- Go outside (this can be in your garden, outside your front door or somewhere different for some exercise) at different times of the day or in different weather conditions. What similarities or differences can you find in terms of what you see, smell or hear depending on the time of day and weather conditions? Can you notice something ‘fantastic’ everyday?
- Can you challenge yourself to find five different routes to your house? You can use your local knowledge, Googlemaps or digimap. Each route should be planned to pass through different landmarks.
- Can you walk a different route each day with a member of your family? Which is your favourite route and why?
- Design Time! Can you design an interesting piece of street furniture that can fit somewhere in your local area? Some examples are, benches, streetlights, traffic lights, fountains.
What if… You could protect one place in your local area for ever? Where would it be? What would you protect and why? How would you protect it?
Design Time! Design a sign to hold up that gives everyone the message that this space should exist for eternity. You could dress up as a superhero and take a picture of yourself holding your sign up at that place!
Another fun activity to try! Keep a journal for 3 weeks. Can you write about the changes you have noticed outside every week? Has the weather changed? Are there more or less people outside?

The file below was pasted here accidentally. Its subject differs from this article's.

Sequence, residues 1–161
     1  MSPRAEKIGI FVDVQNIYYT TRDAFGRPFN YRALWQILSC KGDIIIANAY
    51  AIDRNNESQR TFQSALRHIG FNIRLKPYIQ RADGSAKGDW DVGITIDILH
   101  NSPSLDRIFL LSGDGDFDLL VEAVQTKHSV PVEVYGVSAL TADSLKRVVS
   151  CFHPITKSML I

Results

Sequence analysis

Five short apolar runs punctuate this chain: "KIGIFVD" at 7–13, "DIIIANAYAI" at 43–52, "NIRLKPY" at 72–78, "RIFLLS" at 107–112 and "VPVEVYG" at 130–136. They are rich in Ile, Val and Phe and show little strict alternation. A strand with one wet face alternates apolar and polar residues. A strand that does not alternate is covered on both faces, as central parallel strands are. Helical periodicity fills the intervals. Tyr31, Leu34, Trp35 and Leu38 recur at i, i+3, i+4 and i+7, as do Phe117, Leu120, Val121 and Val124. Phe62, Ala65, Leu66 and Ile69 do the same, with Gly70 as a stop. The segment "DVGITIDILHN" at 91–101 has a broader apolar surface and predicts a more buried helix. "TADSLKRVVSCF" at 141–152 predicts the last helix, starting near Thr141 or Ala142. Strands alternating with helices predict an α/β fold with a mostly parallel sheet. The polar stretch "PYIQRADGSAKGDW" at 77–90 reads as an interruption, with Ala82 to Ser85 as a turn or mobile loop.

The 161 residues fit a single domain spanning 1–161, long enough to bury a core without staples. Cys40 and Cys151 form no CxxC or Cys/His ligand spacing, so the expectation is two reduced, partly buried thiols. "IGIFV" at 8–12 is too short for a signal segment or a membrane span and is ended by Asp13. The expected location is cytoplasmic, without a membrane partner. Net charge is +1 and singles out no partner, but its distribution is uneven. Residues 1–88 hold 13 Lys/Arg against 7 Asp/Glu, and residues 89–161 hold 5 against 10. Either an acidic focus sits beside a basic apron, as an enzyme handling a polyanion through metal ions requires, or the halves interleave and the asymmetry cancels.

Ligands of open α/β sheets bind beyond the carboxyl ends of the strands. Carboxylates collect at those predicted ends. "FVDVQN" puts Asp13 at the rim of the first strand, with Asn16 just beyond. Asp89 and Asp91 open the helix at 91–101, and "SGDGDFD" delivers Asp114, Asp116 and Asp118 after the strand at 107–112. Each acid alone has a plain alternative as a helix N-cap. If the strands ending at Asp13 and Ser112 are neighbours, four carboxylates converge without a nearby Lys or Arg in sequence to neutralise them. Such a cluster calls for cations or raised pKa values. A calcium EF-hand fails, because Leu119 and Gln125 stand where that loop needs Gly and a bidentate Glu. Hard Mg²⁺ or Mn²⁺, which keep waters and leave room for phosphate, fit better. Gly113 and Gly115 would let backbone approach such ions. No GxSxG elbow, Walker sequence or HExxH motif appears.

Exploring my home
- Can you create an A-Z of your home by walking around the garden and your house to find something beginning with each letter of the alphabet?
- Where is your house located and what might you find in the local area? Can you create a map of your house using leaves or sticks or anything else you can find in your garden or local area? You could even try with things you have in your bedroom like beads, bricks or counters.
What if… You could redesign the whole area around where you live? What would you change?
Use Digimap to find a map of your local area to redesign.
Explain why you have chosen to make the changes you would to your map in terms of physical and human geography. For example, ‘I would place this building next to the river, because…’
Mapping my home
- Can you visit every room in your house and order it according to size? You could even get the measuring tapes out and work out the size of each room with an adult! If your home was a country, which room would be the capital city and why?
- Can you create a plan view map of your house showing all of the rooms and maybe even the garden? You can use Lego bricks, recycled materials or just objects you can find around the house. Watch this video to see an example.